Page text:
Consider giving an experience rather than a thing this year. Sustainable Travel experiences are possible with a little planning. Websites like the Tennessee Department of Tourism offer suggestions for local and regional travel and experiences that will get family and friends outside, active and engaged with people and places. With all the mountains, rivers, parks, caves and attractions available in Tennessee, there is an experience or tour for everyone. For example, did you know you can go on a free tour of the original Oak Ridge Manhattan Project sites and get a history lesson in the WW II development of atomic weapons that occurred in the area? Learn more about Department of Energy Facilities Public Bus Tour here.
How about a green gift idea that is actually green. Indoor plants bring joy year round and have numerous health benefits for home or office. Interior landscapes improve air quality by reducing carbon dioxide levels, reducing stress, improving memory and mental well-being and naturally adding coolness and humidity to the air through a process called evapotranspiration (USGS, Water Cycle). Don’t worry, there are several varieties of indoor plants that are easy to take care of for those without a green thumb. Many local groceries and nursery carry house plants that have co-benefits for humans such as Lavender, Ene Plant and Peace Lily. Add a colorful bow to the potted plant and you have a gift that will add beauty and health for months and years to come. With all of these great gift ideas that support our local economy and health and well-being, you are ready to give green this holiday season! Happy Holidays!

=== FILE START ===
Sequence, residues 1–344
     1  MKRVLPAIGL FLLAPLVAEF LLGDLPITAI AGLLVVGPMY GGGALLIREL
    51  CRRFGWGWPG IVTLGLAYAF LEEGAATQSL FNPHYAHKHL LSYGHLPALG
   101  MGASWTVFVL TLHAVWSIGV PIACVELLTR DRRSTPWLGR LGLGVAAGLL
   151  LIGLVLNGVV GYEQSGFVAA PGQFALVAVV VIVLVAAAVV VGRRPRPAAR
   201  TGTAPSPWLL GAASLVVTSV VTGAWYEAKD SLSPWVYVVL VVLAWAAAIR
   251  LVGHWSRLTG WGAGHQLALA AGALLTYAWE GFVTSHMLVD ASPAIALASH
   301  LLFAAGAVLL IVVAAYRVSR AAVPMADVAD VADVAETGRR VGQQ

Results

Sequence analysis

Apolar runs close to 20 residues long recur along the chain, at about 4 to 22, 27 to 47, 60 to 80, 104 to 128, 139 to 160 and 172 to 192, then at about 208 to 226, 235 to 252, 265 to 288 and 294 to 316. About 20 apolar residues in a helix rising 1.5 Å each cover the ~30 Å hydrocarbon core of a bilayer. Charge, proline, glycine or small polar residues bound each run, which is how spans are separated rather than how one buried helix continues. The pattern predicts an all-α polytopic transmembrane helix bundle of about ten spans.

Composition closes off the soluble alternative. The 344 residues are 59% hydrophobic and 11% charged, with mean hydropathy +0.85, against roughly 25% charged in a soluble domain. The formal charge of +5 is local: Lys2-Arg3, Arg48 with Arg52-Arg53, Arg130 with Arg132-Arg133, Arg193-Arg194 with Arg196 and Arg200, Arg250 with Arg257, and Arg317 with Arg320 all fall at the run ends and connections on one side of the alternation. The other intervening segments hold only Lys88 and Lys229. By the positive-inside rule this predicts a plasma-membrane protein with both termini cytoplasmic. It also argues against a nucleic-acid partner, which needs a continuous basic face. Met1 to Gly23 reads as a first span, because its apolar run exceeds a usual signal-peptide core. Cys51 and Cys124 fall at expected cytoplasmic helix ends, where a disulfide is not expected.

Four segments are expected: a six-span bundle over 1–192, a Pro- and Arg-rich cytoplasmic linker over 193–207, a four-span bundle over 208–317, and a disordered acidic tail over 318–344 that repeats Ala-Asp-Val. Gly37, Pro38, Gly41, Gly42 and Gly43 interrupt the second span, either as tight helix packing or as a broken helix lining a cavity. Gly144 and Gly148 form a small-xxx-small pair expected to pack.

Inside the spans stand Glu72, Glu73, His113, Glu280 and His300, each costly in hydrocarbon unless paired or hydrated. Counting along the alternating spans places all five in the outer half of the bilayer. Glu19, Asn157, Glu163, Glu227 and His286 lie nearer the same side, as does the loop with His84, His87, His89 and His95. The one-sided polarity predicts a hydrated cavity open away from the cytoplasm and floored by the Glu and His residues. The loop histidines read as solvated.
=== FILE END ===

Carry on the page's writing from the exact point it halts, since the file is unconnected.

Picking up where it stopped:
Photo by Katherine Bomboy
Fall is finally here! But what do you do with all the brightly-colored autumn leaves and summer growth now faded?
Fall leaves can cause damage to lawns and storm water drains if not properly mulched, composted or disposed of. Blowing or raking leaves into the street causes problems for you, your neighbors and the city if storm water drains get clogged and cannot adequately drain rain water. Make sure to rake up and clear the area around ditches and storm drains. If you have a neighborhood association, remind your neighbors to keep the area around the neighborhood drains clear of debris and trash. Whatever goes into storm water drains goes directly into our city’s streams and rivers.